The tableland at the top of the mountain called “Katsuragi Highland” is famous for mountain azaleas in spring and Japanese pampas grass in fall. Its diversified mountain path with natural beauty that changes from season to season is popular among hikers.
Ganbou Rock is a 78-meter-high rock located near the town of Engaru in Noboribetsu county, Hokkaido and is designated as one of Hokkaido’s 100 Natural Spots.
There is an observation deck at the top of the rock, which is a 15-minute walk up.
This rock is the symbol of Engaru and is popularly known as ‘the rock that is the first place to receive the morning sun in this town’ or ‘the rock that is settled warmly in the evening sun’.
The name ‘Ganbou’ is derived from the Ainu word ‘Ingarushi’ (which means ‘the place with a fine view’). It is also known as an historic battlefield of the Ainu people. The view from the observation deck gives a marvelous 360-degree panoramic view.
Sun’s Hill Engaru Park, much loved by the town people, marks the starting point of the hike to the top.
Mt. Rausu-dake (1,660 m) is the highest mountain of the Shiretoko volcanic mountain range in Shiretoko Peninsula. It is counted as one of Japan’s 100 Fine Mountains. The view of the mountain covered with pure white snow in winter is magnificent. Many snow patches remain even in summer.
From the top of the mountain, you can command a panoramic view of the ocean including far-off Kunashiri Island. The two starting points of a trail up a mountain are located at Rausu Hot Spring in Rausu-cho and Iwaobetsu Hot Spring in Shari-cho. It takes 4 hours and 30 minutes from Rausu, and 6 hours from Shari.
In Mt. Rausu, you can observe a lot of alpine plants that come into bloom one after another on the slopes where snow thaws. At the peak blooming season in summer, the whole mountain becomes field of flowers. Here you will be moved by the great power of nature that overcome and survive severe winter.
Mt. Hirugatake with an altitude of 1673 m is on the border of Sagamihara City and Yamakita-cho in Ashigara-Kami-gun in Kanagawa Prefecture. It is the highest peak not only in the Tanzawa Mountains but also in Kanagawa Prefecture. The mountain is a part of Tanzawa-Oyama Quasi-National Park.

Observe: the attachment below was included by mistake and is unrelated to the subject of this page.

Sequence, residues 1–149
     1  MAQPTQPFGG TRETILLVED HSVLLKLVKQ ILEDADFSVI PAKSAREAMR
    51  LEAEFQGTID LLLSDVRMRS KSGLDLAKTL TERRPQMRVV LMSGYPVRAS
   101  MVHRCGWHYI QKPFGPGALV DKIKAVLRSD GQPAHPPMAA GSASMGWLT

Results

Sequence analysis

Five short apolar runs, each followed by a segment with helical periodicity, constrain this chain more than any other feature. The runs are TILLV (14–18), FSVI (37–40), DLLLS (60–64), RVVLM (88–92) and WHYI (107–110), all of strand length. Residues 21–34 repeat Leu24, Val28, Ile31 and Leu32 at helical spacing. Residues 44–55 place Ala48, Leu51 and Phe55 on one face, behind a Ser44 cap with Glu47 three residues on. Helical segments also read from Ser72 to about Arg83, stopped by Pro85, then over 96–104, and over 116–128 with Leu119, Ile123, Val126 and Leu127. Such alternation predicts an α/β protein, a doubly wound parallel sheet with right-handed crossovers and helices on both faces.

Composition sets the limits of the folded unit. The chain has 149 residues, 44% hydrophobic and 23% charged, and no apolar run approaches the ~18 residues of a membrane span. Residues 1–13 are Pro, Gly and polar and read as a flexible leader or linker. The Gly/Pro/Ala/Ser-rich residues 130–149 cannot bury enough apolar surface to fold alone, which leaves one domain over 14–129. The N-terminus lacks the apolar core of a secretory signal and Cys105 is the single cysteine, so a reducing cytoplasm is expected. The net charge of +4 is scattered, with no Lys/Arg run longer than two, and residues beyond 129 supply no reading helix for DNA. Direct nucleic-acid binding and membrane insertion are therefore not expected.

In the old times, the statues of Yakushi Nyorai, Birushana-butsu (Rushana Buddha) and Hakkai-san Okami (the god of Mt. Hakkai) were placed at the top of this mountain, which was called “Yakushi-dake” or “Biru-ga-take.” The name “Hiru-ga-take” is said to be the corrupted form of “Biru-ga-take (meaning “the mountain of Rushana Buddha).” There is another story, however, that as there are a lot of leeches (“hiru” in Japanese), it was named “Hiru-ga-take.”
It takes a lot of time and strength from Okura, the starting point for a climb, but once you reach the summit, you will be rewarded with a panoramic view of Mt. Fuji, the South Alps, Mt. Yatsugatake and Oku-Chichibu mountains.
Lake Chimikeppu is located in Shibetsu-cho in the eastern part of Hokkaido. “Chimikeppu” in the Ainu means “a place where water gushes out of a cliff.” This is a dammed lake produced by the landslide due to the crustal change occurred about 10,000 years ago. As the lake has a complex coastline, which indented into the surrounding valleys, it looks like an artificial lake but actually it is not. It is known as a habitat of Himemasu (sockeye salmon) and Marimo (lake ball). Surrounded with the primary forest of Jezo Spruce and Sakhalin fir, the area around the lake is inhabited by a variety of wildlife including wild birds such as black woodpeckers, which is a natural protected species, and Ezo red foxes. You can walk along the 1.5 km promenade along the lake, enjoying magnificent view of the pristine natural beauty around the lake.